5) Incubate at 56ºC (dry-bath) for a minutes to evaporate residual ethanol.
minimum of 6 hours or overnight to 14) Dispense 30 - 50 µl ddH20 directly
allow digestion. Tape down Cap onto the membrane in each well of the
Strips to prevent them from NucleoSpin® Tissue Binding Plate and
occasionally popping off. incubate at room temperature for 1
6) After digestion, centrifuge at 1500 g for minute.
15 seconds to remove any condensate 15) To elute highly pure DNA, centrifuge
from the Cap Strips. 5600 - 6000 g for 2 minutes and again
7) Premix ethanol and Buffer BQ1: For at 5600 - 6000 g for 2 minutes after
each sample, add 200 µl of 95% rotating NucleoSpin® Tissue Binding
ethanol and 200 µl of binding Buffer Plate and MN Tube Strips 180°.
BQ1 to adjust DNA binding conditions. Remove NucleoSpin® Tissue Binding
Shake vigorously for 10 - 15 seconds Plate and transfer eluted DNA to a 96
and centrifuge at 1500 g for 10 PCR plate and seal. Keep DNA at 4ºC
seconds to remove any sample form for temporary storage or at -20ºC for
Cap Strips. long-term storage.
16) Use 1-2 µl of the DNA sample for
COI AMPLIFICATION 2.1
GENERAL PRACTICES PCR REACTION MIX
The basic recipe for a Polymerase Chain Volumes for One Reaction
Reaction (PCR) is given in the table at 25 µl 12.5 µl
the right. The amount of DNA extract
10% trehalose 12.5 6.25
used will depend on the concentration of
the sample. It is best to keep the volume H2O+DNA 8 4
of DNA template as low as possible to 10X PCR Buffer 2.5 1.25
avoid adding enzyme inhibitors that may 50 mM MgCl2 (2.5 mM) 1.25 0.625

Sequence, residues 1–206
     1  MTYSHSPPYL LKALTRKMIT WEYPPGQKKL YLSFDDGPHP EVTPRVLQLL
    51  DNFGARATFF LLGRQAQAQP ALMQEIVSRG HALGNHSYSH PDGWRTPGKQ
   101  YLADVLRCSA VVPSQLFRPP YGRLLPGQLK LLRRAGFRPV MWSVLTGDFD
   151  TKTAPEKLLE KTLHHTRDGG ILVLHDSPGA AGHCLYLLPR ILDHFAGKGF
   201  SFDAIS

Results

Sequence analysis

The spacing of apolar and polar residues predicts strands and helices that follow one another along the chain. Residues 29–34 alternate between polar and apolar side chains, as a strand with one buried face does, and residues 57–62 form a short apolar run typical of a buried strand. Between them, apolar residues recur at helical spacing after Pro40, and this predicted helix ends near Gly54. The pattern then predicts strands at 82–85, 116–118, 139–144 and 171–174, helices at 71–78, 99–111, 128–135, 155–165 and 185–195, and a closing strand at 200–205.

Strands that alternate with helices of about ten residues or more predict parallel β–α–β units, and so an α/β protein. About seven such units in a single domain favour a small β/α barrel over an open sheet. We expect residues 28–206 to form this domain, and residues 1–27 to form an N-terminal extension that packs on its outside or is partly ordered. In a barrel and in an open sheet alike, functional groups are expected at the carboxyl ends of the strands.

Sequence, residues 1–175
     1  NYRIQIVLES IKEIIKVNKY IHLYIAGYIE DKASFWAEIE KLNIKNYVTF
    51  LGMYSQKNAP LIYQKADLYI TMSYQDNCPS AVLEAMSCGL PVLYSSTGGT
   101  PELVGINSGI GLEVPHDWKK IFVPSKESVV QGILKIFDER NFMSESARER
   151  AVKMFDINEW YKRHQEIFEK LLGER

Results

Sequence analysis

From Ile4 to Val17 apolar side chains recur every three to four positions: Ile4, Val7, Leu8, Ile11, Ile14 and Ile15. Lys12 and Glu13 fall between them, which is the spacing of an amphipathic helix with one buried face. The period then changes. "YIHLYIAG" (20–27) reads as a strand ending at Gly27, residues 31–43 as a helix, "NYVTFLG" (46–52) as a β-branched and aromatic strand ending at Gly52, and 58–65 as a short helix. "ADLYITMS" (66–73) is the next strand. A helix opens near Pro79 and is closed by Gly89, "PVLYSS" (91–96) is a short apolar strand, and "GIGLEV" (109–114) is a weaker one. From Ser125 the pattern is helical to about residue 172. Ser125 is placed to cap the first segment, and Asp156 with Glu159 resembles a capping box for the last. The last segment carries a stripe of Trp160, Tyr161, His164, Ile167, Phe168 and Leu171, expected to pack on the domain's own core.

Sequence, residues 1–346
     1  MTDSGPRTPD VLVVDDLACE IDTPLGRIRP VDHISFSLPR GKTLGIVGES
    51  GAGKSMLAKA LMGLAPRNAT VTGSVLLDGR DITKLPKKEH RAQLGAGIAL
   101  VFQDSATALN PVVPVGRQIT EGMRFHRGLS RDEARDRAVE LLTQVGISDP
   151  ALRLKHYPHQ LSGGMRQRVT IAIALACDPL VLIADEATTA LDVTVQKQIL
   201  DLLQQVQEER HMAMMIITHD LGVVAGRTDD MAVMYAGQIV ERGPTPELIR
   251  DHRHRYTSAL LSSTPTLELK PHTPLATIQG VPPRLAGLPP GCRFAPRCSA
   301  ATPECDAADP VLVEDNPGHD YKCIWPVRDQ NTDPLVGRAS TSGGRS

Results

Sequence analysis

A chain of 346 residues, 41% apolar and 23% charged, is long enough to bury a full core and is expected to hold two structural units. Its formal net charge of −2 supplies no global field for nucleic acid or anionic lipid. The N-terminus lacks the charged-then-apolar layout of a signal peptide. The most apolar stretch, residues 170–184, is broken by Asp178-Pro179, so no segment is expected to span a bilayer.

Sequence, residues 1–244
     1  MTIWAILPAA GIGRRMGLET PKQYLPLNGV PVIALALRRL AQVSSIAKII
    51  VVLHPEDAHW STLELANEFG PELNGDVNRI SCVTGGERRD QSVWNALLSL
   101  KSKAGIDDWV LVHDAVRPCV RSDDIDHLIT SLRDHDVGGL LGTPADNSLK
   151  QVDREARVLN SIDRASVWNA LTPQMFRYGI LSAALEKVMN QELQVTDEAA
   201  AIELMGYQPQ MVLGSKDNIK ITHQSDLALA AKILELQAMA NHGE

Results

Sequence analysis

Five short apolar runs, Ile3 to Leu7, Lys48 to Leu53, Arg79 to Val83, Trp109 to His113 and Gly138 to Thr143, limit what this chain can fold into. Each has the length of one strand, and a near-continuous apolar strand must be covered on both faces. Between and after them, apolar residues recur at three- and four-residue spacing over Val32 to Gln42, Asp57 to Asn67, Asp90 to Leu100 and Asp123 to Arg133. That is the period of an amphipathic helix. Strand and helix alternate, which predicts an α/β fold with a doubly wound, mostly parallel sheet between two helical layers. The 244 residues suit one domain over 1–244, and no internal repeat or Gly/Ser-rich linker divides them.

be present, and to avoid illegitimate
10 mM dNTP 0.125 0.0625
amplification of excess DNA.
10 µM Primer 1 0.25 0.125
Addition of trehalose facilitates PCR 10 µM Primer 2 0.25 0.125
and makes possible freezing of Taq polymerase 0.125 0.0625
aliquoted master-mixes. Aliquots in
tubes can be stored at -20 C for 1-3
months (1-3 freeze-thaw cycles don’t MULTIPLE SAMPLES
affect performance).The content of a tube
should be mixed by pipetting before use. When doing multiple reactions with the same
Another option – aliquot mixes directly primer set, make a master mix that contains
into 96-well plates, cover plates with PCR everything except DNA template. It is OK to
film, store at -20 C for 1 month. round up volumes of dNTPs, primers and Taq
to the nearest 0.5 µl.
The use of plugged tips is recommended If you plan to fill several 96-well plates include
for all PCR reagents to avoid extra volume to allow for pipetting mistakes
contamination. Clean the bench top with and dead volume in the digital multichannel
alcohol before setting up reactions. pipettor (e.g. for making 10 plates with 12.5 µl